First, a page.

In the 1980s, studies showed that of the 46 million students enrolled in America's public elementary and secondary schools, 26.7 percent were minorities. Blacks represented 16.1 percent of enrollments and Hispanics 8.0 percent.
When the National Science Foundation (NSF) announced programs to ensure an adequate supply of scientists and engineers for the future and a major effort to upgrade science education K-12, we recognized that it was important that no qualified candidates for science and engineering education are discouraged by problems related to gender, race, or ethnic background.
CCG launched the annual BEYA STEM Conference and Career Fair in 1986. Each year, BEYA puts out a call to action to federal, state and private organizations to recognize outstanding engineering and technology achievements of talented women and minorities in underrepresented communities as they continue to inspire others to pursue rewarding careers in science, technology, engineering, and math (STEM).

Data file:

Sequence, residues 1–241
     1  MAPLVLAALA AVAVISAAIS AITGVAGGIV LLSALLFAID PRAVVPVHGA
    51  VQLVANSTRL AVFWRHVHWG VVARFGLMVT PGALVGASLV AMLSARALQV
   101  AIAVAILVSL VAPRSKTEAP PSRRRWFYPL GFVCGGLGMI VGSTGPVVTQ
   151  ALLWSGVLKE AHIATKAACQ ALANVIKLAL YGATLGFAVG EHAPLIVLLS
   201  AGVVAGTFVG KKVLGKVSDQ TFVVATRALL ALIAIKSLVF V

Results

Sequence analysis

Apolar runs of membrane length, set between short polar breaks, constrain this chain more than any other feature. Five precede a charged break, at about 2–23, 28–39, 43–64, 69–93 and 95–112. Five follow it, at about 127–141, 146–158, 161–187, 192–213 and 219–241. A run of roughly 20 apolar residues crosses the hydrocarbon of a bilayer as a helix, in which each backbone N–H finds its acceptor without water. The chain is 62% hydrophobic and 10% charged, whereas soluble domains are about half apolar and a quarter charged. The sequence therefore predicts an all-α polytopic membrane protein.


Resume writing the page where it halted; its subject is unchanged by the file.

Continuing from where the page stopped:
Every February, over the past 33 years, conservative estimates have put the total numbers that have attended the BEYA STEM Conference events at more than 400,000. Surveys show attendees, sponsors, and employers have given an A+ rating for career development and educational impact on groups historically underrepresented in STEM. Each BEYA STEM event has provided a bridge and call to action for supporting next-generation STEM talent in industry, government, academia, and the United States military. Year round, the BEYA STEM Conference stakeholders are actively engaged in solving national workforce challenges and help to recruit and retain scientists, technologists, engineers, and mathematicians needed to lead American innovation, research, manufacturing, and logistics. BEYA has encouraged thousands of people to raise public understanding of science and technology, promoted the engagement of scientists and engineers in outreach and scientific literacy, contributed to the development of broad science and engineering policy and its support, encouraged the next generation of scientists and engineers, and fostered awareness of science and technology among broad segments of the population.